May 21, 2001
Guest Editorial: from America Buckles Up Children
As tens of thousands of law enforcement officers mobilize to save lives this week by cracking down on seat belt violators, a new report from the National Safety Council gives Washington a grade of B- for driver and passenger safety.
The report card, which ranks the 50 states and the District of Columbia, gives 19 states Ds and Fs; an additional eight states receive grades of C-. States that did poorly have failed to adopt proven strategies to raise seat belt use, most importantly, enactment of strong seat belt laws.
States that score the highest, such as California, achieved success through strong seat belt laws that are strictly enforced. As a whole, the nation's performance rates as "unacceptable."
"The U.S. ranks behind virtually every other developed country when it comes to seat belt use, and never has mediocrity been so lethal for a nation," says Alan McMillan, president of the National Safety Council.
"We are killing kids and destroying families on our highways, and that is why this national seat belt mobilization is so important - we know it gets people to buckle up and saves lives."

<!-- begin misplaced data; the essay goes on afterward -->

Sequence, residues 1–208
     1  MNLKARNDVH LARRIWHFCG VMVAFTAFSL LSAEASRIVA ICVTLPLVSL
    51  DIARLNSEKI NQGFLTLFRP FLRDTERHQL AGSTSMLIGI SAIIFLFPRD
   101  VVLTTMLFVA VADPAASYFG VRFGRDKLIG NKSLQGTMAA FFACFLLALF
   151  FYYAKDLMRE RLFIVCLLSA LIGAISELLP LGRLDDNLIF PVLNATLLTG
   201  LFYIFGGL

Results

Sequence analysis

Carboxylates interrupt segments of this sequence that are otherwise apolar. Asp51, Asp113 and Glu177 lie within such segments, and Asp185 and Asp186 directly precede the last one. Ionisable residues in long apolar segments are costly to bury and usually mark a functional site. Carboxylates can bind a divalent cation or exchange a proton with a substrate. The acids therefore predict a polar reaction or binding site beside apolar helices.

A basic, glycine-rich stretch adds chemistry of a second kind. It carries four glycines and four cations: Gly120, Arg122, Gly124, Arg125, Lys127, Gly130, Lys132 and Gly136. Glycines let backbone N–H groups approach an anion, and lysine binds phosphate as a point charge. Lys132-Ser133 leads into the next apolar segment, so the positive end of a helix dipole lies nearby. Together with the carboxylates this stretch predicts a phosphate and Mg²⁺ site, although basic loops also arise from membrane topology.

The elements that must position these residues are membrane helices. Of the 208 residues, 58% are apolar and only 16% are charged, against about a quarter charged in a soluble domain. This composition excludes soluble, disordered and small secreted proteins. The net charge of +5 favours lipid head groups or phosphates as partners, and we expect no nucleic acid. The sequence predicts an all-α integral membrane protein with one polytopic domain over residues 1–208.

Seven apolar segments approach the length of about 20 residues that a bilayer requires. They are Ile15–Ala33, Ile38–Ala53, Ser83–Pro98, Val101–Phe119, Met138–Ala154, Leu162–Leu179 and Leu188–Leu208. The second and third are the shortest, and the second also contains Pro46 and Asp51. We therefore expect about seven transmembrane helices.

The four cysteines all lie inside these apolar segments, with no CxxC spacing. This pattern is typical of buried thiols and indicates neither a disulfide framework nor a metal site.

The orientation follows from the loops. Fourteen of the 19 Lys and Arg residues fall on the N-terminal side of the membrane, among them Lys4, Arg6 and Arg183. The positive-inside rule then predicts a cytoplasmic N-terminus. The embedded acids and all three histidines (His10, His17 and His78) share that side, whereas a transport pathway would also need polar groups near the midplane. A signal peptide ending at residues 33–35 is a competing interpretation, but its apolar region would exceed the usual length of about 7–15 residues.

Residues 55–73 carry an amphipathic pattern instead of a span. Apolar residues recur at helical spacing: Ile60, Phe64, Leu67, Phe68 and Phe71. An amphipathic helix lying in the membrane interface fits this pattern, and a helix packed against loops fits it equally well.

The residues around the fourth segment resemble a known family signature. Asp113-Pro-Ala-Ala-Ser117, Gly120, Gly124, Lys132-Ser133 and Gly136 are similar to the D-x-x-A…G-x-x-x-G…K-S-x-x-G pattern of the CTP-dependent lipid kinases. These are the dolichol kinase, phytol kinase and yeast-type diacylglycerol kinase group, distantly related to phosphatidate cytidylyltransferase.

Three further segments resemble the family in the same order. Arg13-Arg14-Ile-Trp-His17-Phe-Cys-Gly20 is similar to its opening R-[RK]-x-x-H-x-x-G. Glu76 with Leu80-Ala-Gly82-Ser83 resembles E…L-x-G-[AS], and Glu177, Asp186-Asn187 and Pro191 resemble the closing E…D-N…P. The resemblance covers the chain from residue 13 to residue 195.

More than 10,000 law enforcement agencies are participating in Operation ABC Mobilization: America Buckles up Children - the largest-ever nationwide crackdown on drivers who don't buckle up and don't buckle up kids. From now through Memorial Day, officers coast-to-coast will sharply intensify enforcement of seat belt and child restraint laws.
Traffic crashes are the Number1 killer of kids and among the leading causes of death to teens and adults.
Overall, 32,061 drivers and passengers died in crashes in 1999 - a staggering number of fatalities per capita when compared to most other developed countries, the report said.
An estimated 9,553 of these victims would be alive today if they had only worn seat belts.
"Across the nation this week, officers will be out in force to save lives," said Colonel Anna Amos of the South Carolina Transport Police. "Our message is simple - we don't want to write tickets, but if necessary, we will. It's zero tolerance for people who don't buckle up and don't buckle up kids."
In the report, California got the only A as a result of a strong belt law that is strictly enforced. Eight states received Fs, including Idaho, Mississippi, South Dakota, Tennessee, West Virginia, Arkansas and New Hampshire. These states failed because of weak seat belt laws, low seat belt rates, and predictably large numbers of fatalities per capita.
New Hampshire failed in large part because it has no adult seat belt law.
"While many states are still doing poorly, we take heart that more and more states are showing the will to do what is right," said Chuck Hurley, Executive Director of the Air Bag & Seat Belt Safety Campaign.